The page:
Private investors invited to bid on Mayan Train Line construction

By December 17, 2018

One of Lopez Obrador’s ambitious tourist plans continues to push full steam ahead after a successful referendum last month that confirmed the construction of the Mayan train line.

Announcements have since been released which confirm that the president is putting sections of the trainline up for construction bidding, allowing for private investors to also get involved in the large scale project.

The new train line is believed to connect the areas of Chiapas, Tabasco, Campeche, Yucatan and Quintana Roo and will provide tourists with increased access to the majority of Mexico’s major sites. Geared at improving travel and accessibility for visitors to the area, tourists will have greater and speedier access to touristic areas such as Calotmul and Palenque as well as the archaeological zones of Chichen Itza and Uxmal. What’s more, the trainline will also serve local Mexicans who need to use the transport to access work, further contributing to the growth of the country’s economy.

According to AMLO’s social media at the time of the train line announcement, the route will stretch over 1,500 kilometres across five states and is budgeted to receive investments ranging up to USD$8 billion. The newly-agreed proposal, also known as the Transpeninsular Tourist Train, is also believed to have grown in size since being initially proposed over six years ago and will now incorporate larger areas of the country.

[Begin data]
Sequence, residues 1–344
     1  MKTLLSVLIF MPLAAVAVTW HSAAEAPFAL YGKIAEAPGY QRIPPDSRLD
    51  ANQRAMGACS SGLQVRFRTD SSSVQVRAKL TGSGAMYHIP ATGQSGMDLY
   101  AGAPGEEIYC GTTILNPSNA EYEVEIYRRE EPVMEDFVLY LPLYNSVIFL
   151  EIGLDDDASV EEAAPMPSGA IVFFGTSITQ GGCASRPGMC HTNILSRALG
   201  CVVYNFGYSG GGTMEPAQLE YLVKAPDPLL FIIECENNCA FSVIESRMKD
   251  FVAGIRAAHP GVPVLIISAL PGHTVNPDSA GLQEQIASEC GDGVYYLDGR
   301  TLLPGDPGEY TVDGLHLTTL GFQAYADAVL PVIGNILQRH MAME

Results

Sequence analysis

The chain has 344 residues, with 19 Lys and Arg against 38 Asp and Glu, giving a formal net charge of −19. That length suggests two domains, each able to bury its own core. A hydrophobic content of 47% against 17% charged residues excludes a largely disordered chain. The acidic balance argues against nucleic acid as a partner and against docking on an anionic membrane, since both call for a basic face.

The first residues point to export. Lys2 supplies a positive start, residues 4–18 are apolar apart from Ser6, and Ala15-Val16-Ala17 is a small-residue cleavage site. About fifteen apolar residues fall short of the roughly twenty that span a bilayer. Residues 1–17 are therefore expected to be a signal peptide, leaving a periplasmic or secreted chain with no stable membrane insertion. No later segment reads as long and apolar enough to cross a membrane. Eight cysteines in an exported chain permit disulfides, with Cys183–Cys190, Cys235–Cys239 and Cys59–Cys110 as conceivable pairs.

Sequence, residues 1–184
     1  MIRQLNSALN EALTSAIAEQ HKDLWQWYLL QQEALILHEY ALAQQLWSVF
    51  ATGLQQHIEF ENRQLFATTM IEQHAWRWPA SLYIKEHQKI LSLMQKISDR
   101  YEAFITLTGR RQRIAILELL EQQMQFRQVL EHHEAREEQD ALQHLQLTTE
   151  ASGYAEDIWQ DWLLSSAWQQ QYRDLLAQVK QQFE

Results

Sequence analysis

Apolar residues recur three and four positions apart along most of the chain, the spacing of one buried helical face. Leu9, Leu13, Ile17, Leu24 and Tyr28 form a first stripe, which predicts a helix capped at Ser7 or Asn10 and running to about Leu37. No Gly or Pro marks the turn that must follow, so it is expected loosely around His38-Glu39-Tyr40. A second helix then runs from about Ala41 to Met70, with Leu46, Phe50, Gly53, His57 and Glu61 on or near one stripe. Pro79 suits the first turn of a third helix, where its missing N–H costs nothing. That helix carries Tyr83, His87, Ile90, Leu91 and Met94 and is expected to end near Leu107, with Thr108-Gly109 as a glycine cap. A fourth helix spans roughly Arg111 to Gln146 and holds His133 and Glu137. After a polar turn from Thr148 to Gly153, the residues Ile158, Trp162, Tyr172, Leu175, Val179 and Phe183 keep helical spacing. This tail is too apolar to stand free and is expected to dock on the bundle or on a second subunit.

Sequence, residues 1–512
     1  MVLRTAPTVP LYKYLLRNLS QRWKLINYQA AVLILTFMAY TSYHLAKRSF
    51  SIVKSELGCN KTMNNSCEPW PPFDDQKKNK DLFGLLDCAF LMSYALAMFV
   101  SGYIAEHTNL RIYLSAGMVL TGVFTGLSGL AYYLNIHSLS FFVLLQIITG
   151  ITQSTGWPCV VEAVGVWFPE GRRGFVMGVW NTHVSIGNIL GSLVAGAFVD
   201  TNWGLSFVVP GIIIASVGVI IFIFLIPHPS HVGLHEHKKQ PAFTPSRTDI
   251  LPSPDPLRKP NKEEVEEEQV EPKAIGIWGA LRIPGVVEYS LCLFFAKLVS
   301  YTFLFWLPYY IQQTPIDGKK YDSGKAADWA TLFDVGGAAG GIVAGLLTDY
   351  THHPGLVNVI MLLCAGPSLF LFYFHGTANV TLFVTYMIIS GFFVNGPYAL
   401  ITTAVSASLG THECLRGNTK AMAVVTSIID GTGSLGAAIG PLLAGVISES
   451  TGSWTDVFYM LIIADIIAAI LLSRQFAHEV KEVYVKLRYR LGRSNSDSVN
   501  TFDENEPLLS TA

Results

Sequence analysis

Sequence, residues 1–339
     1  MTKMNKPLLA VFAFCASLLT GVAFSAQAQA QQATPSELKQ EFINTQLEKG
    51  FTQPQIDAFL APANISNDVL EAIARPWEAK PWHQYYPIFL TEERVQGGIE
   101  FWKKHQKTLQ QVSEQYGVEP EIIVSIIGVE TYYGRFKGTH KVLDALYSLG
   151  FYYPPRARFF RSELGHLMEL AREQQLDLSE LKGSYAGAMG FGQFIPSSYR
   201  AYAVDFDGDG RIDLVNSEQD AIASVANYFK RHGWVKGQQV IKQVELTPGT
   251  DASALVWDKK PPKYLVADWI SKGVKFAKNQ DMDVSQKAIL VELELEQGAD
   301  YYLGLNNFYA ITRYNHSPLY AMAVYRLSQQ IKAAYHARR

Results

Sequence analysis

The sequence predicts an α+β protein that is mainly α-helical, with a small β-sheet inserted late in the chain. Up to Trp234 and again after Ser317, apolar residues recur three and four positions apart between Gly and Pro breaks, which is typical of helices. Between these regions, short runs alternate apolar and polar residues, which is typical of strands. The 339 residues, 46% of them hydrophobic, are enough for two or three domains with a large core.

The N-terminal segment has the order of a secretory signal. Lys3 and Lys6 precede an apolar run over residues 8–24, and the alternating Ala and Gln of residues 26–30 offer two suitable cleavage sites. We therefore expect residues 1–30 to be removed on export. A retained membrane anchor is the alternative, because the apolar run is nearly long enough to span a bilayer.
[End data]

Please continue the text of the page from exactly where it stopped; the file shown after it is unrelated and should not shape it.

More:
The new construction bids signal to the start of the building process, hoped to be completed in no more than four years.

Despite the announcement, however, news of the build has been met with criticism from environmental groups who fear that the track will cut through forest and jaguar habitats, reported the Associated Press. Furthermore, studies into the effects of the construction could take up to a year to complete, however the government wants to get the project rolling as soon as this month.  

Quintana Roo, an area through which the train line is anticipated to cut into, is also a cause for concern as a result of countless unstable underwater cave systems. With parts forming the world’s largest cave, scientists warn that bodies of waters could be affected, leading to adverse effects for the surrounding environment that rely on it.

“Some cave systems are very unstable, we don’t know whether there is a two-tonne rock beneath the track or one that could easily be displaced,’’ US hydrologist, Emiliano Monroy, recently said to news outlets. ‘‘You also need to consider that vibrations will be generated for years and that could accelerate the natural process of collapses.”

As well as environmental concerns, there was also criticism from the Yucatan’s indigenous communities who, in November, publicly announced that they were opposed to the train line and were yet to be consulted on its construction. Despite this, however, indigenous leaders more recently took part in a cleansing ritual as part of AMLO’s inauguration displaying a sign of support for the new leader.